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Holder departure will bring civil rights questions.

Byline: Jesse J. Holland

WASHINGTON -- Moments after making fresh demands that Attorney General Eric Holder open federal investigations into police shootings of unarmed black men, a cluster of civil rights activists learned, courtesy of whispers and a shared e-tablet, that the nation's first black attorney general was stepping down.

Civil rights leaders, liberal activists and black lawmakers are now left wondering what effect Holder's impending departure will have on the high-profile efforts begun on his watch. ''There's a lot for us to calculate,'' said the Rev. Al Sharpton, who was meeting with black leaders in Washington.

Holder has been applauded by civil rights and equal rights activists as the most effective attorney general ever for their causes.

''There has been no greater ally in the fight for justice, civil rights, equal rights, and voting rights than Attorney General Holder,'' declared Myrlie Evers-Williams, widow of slain civil rights leader Medgar Evers and a former NAACP national chairwoman.

But the first black attorney general could be leaving several things undone as he transitions out:

Possible federal charges in the deaths of black men including Michael Brown in Ferguson, Missouri, and Trayvon Martin in Sanford, Florida.

The November monitoring of congressional and statewide elections that will take place after the Supreme Court threw out a major protection in the Voting Rights Act.

And projects he personally promoted such as the reduction of racial profiling in federal investigations, changes in how federal prosecutors negotiate sentencing, changes in the death penalty system and efforts to reduce tensions between local police departments and minority communities.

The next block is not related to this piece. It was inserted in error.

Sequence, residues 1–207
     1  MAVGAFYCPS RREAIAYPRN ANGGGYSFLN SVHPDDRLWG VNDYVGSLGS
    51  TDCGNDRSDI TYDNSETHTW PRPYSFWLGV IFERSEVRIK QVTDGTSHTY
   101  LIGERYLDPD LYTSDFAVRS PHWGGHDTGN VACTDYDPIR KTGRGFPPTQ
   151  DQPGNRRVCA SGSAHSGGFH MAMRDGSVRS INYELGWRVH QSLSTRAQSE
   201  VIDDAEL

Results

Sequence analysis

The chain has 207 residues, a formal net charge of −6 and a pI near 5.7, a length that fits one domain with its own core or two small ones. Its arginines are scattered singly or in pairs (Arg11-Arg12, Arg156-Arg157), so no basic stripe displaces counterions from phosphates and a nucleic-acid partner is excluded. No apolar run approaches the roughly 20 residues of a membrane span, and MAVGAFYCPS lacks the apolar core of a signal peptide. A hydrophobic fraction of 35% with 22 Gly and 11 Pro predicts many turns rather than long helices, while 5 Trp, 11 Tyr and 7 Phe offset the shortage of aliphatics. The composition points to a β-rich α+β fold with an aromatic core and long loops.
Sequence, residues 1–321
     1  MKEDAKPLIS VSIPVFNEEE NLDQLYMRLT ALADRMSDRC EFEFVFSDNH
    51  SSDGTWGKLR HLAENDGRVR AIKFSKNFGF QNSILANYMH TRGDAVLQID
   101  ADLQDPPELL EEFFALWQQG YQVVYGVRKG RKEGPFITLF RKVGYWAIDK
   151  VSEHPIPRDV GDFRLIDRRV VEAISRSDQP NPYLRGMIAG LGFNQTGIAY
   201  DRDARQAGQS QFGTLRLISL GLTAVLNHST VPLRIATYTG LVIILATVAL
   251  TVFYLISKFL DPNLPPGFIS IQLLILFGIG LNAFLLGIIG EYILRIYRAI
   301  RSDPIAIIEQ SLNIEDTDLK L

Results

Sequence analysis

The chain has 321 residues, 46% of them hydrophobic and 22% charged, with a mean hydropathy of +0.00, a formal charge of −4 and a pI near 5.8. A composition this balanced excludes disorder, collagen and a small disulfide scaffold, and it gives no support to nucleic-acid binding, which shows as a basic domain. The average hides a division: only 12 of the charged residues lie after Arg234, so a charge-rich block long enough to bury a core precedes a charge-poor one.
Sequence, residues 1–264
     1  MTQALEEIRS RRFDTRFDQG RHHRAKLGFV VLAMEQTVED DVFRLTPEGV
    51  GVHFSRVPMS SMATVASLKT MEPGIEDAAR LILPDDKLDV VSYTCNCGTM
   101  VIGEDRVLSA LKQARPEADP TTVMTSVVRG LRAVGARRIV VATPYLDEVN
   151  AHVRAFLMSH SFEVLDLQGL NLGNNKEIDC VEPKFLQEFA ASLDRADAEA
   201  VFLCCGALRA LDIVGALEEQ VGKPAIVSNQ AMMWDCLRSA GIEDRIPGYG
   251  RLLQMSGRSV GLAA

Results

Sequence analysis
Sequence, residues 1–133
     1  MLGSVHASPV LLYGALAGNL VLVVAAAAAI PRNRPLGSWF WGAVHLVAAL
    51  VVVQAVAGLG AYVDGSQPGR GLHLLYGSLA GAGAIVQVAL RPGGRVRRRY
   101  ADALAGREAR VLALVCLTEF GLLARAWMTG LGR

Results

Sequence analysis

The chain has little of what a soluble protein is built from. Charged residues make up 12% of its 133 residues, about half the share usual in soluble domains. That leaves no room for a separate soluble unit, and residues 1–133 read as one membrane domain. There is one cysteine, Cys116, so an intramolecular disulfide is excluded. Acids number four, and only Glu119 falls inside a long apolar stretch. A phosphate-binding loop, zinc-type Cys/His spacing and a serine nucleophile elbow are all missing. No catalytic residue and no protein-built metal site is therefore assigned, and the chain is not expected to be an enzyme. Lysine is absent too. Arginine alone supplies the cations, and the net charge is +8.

''At this critical time for America, we can't afford to lose momentum on civil rights,'' said Leslie Proll, director of the NAACP Legal Defense Fund's Washington Office

For his part, Holder told the Congressional Black Caucus during its legislative conference on Friday that he plans to keep on pushing voting rights and civil rights protections while still in office. He has agreed to stay on until the Senate confirms his replacement, and President Barack Obama has yet to name that person.

''In the meantime, there remains a great deal to be done,'' said Holder, who got a standing ovation from the crowd as he entered the room. ''I have no intention of letting up or slowing down.''

Despite Holder having informed the White House around Labor Day of his impending departure, black lawmakers and civil rights activists in Washington were shocked to find out about his resignation Thursday.

At the National Press Club -- only a few blocks from the Justice Department -- Sharpton, National Urban League president Marc Morial and representatives of other groups had joined with Brown's parents to call for federal charges to brought against the white police officer that fatally shot him. Morial, Sharpton and others could be seen whispering to each other and reading the breaking news from an electronic tablet before Sharpton told the crowd.

On the other side of town, House Democratic leader Nancy Pelosi broke the news to the Congressional Black Caucus during one of its legislative conference sessions, just moments after Holder's work had been praised. Gasps could be heard in the crowd. ''What?'' one person said into a microphone.

Sharpton and others hope that Obama consults with the civil rights community before picking Holder's replacement, and Sharpton is pushing Holder to at least make an announcement on Ferguson before he leaves office. Advocates for Brown's family want the Justice Department to take over the criminal investigation of Brown's shooting death at the hands of Ferguson officer Darren Wilson and consider federal charges.

Meanwhile, the Justice Department has yet to say whether it will file federal civil rights charges in the Trayvon Martin case against George Zimmerman, the neighborhood watch volunteer who said he killed Martin in self-defense in February 2012 and was acquitted in a state trial. In addition, the department will be monitoring its first elections in decades that will not have the protections of the most powerful provision of the Voting Rights Act -- that all or parts of 15 states with a history of discrimination in voting, mainly in the South, get Washington's approval before changing the way they hold elections. The Supreme Court threw out that part of the act last year.
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Author:Holland, Jesse J.
Publication:Telegram & Gazette (Worcester, MA)
Date:Sep 27, 2014
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